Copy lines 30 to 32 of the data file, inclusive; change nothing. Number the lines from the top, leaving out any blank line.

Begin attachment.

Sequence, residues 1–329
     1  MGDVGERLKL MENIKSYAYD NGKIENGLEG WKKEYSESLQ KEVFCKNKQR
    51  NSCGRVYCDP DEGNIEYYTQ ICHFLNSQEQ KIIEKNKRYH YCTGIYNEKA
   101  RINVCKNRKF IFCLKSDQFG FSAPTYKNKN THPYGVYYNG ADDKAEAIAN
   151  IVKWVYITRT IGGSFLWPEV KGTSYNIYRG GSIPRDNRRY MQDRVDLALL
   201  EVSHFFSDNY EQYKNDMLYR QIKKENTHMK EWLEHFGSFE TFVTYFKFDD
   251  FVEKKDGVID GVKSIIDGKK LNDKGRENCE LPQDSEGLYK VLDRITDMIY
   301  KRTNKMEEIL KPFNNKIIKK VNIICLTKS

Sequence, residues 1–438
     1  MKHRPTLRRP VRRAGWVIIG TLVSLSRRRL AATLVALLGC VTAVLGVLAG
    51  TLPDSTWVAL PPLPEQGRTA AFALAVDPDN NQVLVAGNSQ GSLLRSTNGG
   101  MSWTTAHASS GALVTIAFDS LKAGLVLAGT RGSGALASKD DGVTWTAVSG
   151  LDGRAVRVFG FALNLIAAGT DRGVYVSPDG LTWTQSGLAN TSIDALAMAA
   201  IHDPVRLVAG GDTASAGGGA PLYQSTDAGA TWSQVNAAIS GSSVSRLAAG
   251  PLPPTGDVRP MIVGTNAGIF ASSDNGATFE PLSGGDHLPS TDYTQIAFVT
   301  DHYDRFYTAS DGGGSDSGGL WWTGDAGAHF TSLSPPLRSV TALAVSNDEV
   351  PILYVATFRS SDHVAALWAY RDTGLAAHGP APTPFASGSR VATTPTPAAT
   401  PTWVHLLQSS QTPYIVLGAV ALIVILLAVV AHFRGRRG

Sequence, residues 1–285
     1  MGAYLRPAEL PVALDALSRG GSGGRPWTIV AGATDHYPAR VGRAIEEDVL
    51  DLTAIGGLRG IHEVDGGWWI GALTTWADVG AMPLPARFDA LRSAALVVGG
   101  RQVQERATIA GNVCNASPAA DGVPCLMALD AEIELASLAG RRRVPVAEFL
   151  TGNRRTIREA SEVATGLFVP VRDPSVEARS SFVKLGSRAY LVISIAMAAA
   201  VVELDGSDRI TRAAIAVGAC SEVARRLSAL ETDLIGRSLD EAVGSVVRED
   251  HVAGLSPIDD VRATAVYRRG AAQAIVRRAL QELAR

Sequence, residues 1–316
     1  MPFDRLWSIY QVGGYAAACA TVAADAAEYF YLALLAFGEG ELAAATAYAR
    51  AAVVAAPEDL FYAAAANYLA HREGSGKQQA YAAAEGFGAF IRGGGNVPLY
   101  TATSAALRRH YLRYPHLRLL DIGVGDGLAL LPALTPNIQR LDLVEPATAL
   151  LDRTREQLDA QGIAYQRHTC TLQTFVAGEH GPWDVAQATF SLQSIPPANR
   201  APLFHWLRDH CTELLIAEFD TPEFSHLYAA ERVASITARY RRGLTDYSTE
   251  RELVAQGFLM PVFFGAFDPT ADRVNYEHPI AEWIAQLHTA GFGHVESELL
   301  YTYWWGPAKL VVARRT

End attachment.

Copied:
   151  LDRTREQLDA QGIAYQRHTC TLQTFVAGEH GPWDVAQATF SLQSIPPANR
   201  APLFHWLRDH CTELLIAEFD TPEFSHLYAA ERVASITARY RRGLTDYSTE
   251  RELVAQGFLM PVFFGAFDPT ADRVNYEHPI AEWIAQLHTA GFGHVESELL